Hiking and Mud Season: Caring for our trails when they are most vulnerable
Want to volunteer to help maintain our trails? Click Here and get in touch!
SLA Trails are closed March 27, 2018!
Why do we close the trails?
The pull to get out in the fresh air and sunshine will draw many outdoors. However it's important to be patient with the trails in order to protect them.
Many boots traveling well-hiked trails in the winter months compacts snow causing it to melt slowly. As a result trails often become channels of ice and mud. Later, when the season turns and the snow has largely melted, the trails themselves tend to stay wet and muddy. People, averse to hiking on ice and mud, will avoid these areas by hiking around them. The trails widen, soils get washed away exposing tree roots and rocks, causing rocks to become dislodged and trees to weaken, die then fall creating more erosion and so on. This leads to hazardous trails, expensive maintenance, even trail closures. Beyond the damage to the immediate environment there are a number of additional trail maintenance burdens that could otherwise be avoided. It's also important to keep in mind that many miles of the SLA's trail system run across private land. Some landowners requested that these be temporarily closed.
Current Spring Trail Conditions
There is considerable snowmelt on the Squam Lakes Association’s 50 mile trail network, followed by the inevitable mud that comes with it. The SLA closes several of its more popular trails during mud season, at landowner request, to protect the trails and the natural resources of the surrounding area.
Which Trails are Closed?
- West Rattlesnake & East Rattlesnake
- Morgan & Percival
- Doublehead Mountain
- Cotton Mountain
- Mt. Livermore
- Mt. Webster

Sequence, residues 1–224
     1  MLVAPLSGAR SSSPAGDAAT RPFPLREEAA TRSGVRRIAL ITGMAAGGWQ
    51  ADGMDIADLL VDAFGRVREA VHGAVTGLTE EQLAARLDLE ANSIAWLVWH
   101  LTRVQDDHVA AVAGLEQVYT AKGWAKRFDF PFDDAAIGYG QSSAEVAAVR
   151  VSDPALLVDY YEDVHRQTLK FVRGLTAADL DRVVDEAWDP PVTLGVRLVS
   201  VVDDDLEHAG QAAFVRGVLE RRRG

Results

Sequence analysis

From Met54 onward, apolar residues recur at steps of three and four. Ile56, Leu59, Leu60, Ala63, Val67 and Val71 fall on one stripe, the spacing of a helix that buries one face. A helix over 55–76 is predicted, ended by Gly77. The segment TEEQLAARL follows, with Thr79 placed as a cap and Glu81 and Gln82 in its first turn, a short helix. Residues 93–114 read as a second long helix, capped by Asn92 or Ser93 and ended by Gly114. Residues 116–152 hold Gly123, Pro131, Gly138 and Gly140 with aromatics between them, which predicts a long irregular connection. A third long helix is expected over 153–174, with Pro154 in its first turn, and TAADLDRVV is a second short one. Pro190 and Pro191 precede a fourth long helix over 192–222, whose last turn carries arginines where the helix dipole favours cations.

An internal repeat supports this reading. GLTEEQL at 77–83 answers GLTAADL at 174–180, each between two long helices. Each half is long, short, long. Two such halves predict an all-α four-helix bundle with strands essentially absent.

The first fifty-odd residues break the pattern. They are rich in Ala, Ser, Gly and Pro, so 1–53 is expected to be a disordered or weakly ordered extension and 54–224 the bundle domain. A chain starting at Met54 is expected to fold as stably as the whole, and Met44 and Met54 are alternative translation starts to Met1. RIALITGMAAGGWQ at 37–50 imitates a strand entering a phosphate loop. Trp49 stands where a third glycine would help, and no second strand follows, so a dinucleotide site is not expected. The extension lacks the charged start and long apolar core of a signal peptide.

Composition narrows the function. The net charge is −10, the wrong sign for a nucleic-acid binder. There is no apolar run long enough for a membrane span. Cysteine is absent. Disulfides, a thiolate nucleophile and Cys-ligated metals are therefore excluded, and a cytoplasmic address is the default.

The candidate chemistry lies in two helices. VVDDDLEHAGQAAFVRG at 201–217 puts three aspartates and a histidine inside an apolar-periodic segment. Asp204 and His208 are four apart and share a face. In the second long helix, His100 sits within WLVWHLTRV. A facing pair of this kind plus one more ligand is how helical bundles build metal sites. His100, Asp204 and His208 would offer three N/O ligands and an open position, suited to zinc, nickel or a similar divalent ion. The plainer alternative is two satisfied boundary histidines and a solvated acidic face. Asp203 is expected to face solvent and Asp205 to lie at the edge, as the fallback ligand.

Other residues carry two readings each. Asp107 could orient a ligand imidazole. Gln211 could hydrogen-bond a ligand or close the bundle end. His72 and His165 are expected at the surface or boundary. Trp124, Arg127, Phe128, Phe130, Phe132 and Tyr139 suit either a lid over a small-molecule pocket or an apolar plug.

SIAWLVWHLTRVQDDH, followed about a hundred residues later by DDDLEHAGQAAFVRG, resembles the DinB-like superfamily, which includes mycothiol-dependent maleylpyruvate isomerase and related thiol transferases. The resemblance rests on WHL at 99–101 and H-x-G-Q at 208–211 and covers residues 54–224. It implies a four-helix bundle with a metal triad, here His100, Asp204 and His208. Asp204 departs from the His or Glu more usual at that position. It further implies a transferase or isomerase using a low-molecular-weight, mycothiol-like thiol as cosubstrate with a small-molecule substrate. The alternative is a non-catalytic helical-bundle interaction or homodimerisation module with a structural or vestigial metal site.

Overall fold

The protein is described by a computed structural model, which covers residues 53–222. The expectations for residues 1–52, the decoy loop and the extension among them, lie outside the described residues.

- Mt. Squam
Which Trails are Open?
- Belknap Woods - managed by SLA
- Whitten Woods - managed by SLA
- Red Hill - managed by LRCT
- Chamberlin Reynolds Memorial Forest (Parking lots closed, but trails are open) - managed by SLA
- Livermore Falls - managed by NH State Parks
- Castle in the Clouds -managed by LRCT
- Center Harbor Woods -managed by LRCT
Maintaining SLA Trails: The Labor of Love
Trails take a lot of work to maintain. Over many years, countless volunteer hours and financial resources have helped maintain the Old Bridle Path up West Rattlesnake in Holderness. This popular trail experiences an estimated 30,000 hikers per year. Without regular maintenance, such a popular trail would experience massive erosion, widening, and ultimately complete destruction. On Rattlesnake, the SLA has coordinated trail crews to reroute trails, create stone and wooden steps, and construct waterbars to control both traffic and water flow. These massive efforts, in combination with regular maintenance efforts performed by volunteers—maintaining waterbars to move water off the trail and brushing in trails to reduce trail creation and widening—mean the Old Bridle Path can handle the high traffic it sees year-round.
Without this labor of love, trails widen, compact, and erode. This impacts the vegetation, habitat, and wildlife in areas adjacent to the trail. Erosion contributes sediment and nutrient input into streams and ultimately larger bodies of water downstream.
Many hikers access the trails to experience the beauty of the nature around them, unaware their hiking habits may be compromising the health of the areas where they hike. What can hikers and walkers do to protect the trails they love? Avoiding hiking during mud season best protects our trails. Usually waiting just a week or two is sufficient time to let trails dry out. However, if avoidance is not an option, hikers first must be prepared for the varied conditions they might experience on the trails. Hiking boots, gaiters, and traction devices are important to maintain dry feet and grip in mud and ice. Second, hikers should walk through icy and muddy areas instead of around them. This will prevent trail widening and compaction.
Want to Help Maintain the Trails?
Maintaining our favorite hiking trails takes financial and volunteer resources. Dedicated hikers can get involved with their town’s conservation commission, local land trusts and other conservation organizations, and the Forest Service to maintain their favorite trail as a volunteer Trail Adopter. We have vast opportunities for hiking and walking in Central New Hampshire, and all these trails require regular maintenance to keep them in great shape.